Guitar Academy at the Boys & Girls Club, Mathy Center is about much more than music.
The program teaches kids accountability, allows them to make friends more easily and teaches discipline.
Jefferson Award winner Peter Hughes started the program with his son, musician Andrew Hughes from the band Tug.
"Every kid needs an adult they can trust. I'm paying it forward. Somebody did that for me. I learned from my father that it's the right thing to do," said Peter.
"You see it week to week. The kids putting in the work. One of the kids...I could tell that he had not put that guitar down and it wasn't like one of these things where you could sort of tell...you could tell. His parents came up to me and said how he smiles when he has that guitar in his hand," said Andrew.
While the father/son duo might be credited with starting the program, their biggest accomplishment is getting 13 established musicians to share their knowledge.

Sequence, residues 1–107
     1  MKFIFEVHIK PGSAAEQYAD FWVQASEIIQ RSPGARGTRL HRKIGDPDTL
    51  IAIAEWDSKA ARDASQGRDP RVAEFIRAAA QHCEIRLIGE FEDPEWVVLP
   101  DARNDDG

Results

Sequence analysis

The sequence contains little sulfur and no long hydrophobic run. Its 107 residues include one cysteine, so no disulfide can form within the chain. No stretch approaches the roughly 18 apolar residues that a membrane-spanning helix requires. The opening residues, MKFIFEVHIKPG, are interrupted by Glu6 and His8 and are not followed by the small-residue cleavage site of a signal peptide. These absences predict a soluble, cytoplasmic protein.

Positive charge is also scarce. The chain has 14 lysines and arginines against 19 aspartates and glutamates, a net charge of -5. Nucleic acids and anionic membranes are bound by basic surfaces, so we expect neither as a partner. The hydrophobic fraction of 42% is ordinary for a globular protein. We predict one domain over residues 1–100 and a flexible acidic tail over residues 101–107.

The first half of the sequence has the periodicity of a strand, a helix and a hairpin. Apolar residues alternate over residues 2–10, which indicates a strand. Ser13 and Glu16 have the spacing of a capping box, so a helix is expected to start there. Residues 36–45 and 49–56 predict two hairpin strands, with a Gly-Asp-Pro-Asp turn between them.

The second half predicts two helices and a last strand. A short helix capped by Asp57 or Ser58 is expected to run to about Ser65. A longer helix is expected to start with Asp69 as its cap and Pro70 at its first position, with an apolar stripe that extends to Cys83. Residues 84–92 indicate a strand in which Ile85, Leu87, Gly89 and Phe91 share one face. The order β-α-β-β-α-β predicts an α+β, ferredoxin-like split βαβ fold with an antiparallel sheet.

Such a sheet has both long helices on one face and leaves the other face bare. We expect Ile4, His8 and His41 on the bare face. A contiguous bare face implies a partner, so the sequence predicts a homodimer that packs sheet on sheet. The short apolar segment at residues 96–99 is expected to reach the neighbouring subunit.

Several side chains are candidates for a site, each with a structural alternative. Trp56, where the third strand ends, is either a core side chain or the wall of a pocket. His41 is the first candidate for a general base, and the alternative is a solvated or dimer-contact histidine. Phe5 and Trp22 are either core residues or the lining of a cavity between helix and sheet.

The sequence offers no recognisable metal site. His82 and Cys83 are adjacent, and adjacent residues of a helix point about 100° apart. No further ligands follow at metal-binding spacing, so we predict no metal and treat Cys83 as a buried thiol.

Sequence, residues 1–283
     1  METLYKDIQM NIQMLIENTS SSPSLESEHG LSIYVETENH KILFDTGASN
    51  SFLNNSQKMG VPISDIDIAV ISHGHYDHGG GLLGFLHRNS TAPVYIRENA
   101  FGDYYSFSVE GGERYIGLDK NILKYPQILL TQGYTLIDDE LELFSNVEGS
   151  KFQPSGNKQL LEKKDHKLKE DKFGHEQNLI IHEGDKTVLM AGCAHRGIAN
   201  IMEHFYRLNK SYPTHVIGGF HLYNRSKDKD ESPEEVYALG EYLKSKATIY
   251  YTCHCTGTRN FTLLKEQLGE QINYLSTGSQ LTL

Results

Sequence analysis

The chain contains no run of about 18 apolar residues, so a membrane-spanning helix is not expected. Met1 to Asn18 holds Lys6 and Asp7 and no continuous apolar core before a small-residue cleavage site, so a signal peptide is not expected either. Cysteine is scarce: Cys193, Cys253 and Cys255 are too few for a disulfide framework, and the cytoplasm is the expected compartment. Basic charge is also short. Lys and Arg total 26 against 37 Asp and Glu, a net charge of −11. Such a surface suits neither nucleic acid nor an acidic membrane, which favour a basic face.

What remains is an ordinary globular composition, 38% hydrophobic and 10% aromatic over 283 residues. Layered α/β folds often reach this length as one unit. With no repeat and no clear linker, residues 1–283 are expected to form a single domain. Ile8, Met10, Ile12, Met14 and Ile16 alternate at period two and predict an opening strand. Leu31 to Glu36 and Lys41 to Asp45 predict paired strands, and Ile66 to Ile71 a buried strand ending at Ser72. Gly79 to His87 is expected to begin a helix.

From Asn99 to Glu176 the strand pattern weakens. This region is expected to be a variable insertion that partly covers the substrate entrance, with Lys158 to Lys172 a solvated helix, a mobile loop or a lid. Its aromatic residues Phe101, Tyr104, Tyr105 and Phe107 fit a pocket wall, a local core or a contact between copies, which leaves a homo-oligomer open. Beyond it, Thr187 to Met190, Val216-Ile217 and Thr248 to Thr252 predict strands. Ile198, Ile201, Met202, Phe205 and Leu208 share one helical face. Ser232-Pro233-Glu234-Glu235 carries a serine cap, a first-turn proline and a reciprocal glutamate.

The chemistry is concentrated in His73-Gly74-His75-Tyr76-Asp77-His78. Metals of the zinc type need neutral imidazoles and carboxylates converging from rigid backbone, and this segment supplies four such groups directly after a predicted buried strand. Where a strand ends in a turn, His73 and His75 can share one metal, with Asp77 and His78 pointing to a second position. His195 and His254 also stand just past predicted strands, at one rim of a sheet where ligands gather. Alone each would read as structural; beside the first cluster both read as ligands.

"Everybody's got a different way of teaching. I'm probably the least by the book guy in all this. Everybody here has something to put into it that is diverse and different so the kids benefit from a lot more by us all being different kind of teachers," said Jim "Jimbo" Zill.
"Just to see them light up when they figure something out and the cord rings out for them. That's what its all about for me," said volunteer Stacy Hanson.
"I teach kids from seven to 75 and it's all the same. It's medicine for a frowning world," said volunteer Bill Ebert.
"Being able to give them that other coping mechanism or just being able to give them something to be able to take their mind off the daily struggle
they have going on just being youth in this day and age," said Gregory Stanton, club staff and Hip Hop Artist.
"Instantly you have a whole group of friends. cause we speak the same language and the kids pick up on that. It's a connection they have now too whether or not they knew each other when they started class. They get to see how music just brings us all together," said volunteer Eric Erickson.
"It's probably the best thrill of my life, to do something with my son like this and to have people recognize you for it is just the icing on the cake. I am very proud that I get an opportunity to volunteer and maybe make a difference in somebody's life," said Peter Hughes.